Your system is cooling-19C is about right with a 32C bat temp, mine kicks off around 18C. The bat temp takes a long time to go down.

The outlet temp sensor reading is off, but the system works without it. It could just be unplugged.

Are you having any specific problems with the A/C, or just checking things out?
Thanks for the tips! I’ll work on them.
The fans do run at variable speeds and faster at higher bar but I’ve notice cooling cycle’s seem to be shorter, especially when the pressure is 17-19bar. The system looks like it’s cutting short to protect from over pressure. Does it want to avoid going over 20-21bar (>300psi)???

One of my concerns was the system being over filled and producing longterm problems. How would I know?

What’s the function of the ‘TcabinOutlet’ and where is it located? Does it have anything to do with the blower? In the winter months, I’ve noticed that the vent blowers seem to have a low baseline output even when the HVAC is off. I’ve not notice that in other roadsters.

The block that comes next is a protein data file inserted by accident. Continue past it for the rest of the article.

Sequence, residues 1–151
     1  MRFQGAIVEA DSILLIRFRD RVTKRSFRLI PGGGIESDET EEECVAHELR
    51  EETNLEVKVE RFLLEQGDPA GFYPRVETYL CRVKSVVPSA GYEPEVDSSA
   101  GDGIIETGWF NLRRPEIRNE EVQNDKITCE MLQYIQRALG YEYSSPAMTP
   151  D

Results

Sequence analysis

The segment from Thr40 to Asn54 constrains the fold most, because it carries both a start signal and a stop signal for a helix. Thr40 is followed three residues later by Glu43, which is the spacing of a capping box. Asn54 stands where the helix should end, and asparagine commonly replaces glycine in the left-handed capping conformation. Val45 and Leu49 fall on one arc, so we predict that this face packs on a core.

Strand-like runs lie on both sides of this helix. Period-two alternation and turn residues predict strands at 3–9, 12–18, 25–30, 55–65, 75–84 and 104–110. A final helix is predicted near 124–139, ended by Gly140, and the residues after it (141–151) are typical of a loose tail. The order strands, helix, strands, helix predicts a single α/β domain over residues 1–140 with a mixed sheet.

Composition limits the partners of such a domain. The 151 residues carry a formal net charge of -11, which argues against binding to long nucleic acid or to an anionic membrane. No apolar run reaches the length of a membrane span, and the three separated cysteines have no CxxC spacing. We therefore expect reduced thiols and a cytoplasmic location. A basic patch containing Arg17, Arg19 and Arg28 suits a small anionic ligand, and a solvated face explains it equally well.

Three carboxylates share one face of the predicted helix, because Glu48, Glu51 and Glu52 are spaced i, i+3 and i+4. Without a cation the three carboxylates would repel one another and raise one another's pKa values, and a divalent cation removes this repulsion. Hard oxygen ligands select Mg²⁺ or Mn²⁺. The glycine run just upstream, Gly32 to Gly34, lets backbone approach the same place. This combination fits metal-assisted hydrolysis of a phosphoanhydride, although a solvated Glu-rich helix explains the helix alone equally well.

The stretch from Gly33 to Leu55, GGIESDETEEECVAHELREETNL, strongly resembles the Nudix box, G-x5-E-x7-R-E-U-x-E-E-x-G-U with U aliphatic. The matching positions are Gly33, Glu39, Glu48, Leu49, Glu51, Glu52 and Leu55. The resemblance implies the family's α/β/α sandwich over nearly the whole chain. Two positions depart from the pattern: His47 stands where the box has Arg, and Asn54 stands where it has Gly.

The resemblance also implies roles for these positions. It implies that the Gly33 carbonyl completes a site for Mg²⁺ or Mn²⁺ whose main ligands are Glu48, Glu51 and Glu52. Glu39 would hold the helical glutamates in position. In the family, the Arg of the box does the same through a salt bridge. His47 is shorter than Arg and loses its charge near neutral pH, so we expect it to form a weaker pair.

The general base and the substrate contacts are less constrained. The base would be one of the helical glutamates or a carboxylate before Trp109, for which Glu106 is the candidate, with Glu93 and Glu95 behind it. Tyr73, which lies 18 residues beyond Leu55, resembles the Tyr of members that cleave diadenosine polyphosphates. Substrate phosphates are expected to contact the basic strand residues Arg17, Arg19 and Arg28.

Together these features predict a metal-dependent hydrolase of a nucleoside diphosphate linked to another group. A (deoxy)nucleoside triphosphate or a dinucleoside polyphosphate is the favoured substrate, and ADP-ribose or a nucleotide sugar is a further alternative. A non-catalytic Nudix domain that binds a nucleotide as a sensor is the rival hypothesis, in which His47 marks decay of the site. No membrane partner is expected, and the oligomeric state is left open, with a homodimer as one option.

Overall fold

Thanks again for your help!
 

Products we're discussing on TMC...

About Us

Formed in 2006, Tesla Motors Club (TMC) was the first independent online Tesla community. Today it remains the largest and most dynamic community of Tesla enthusiasts. Learn more.

Do you value your experience at TMC? Consider becoming a Supporting Member of Tesla Motors Club. As a thank you for your contribution, you'll get nearly no ads in the Community and Groups sections. Additional perks are available depending on the level of contribution. Please visit the Account Upgrades page for more details.


SUPPORT TMC
Top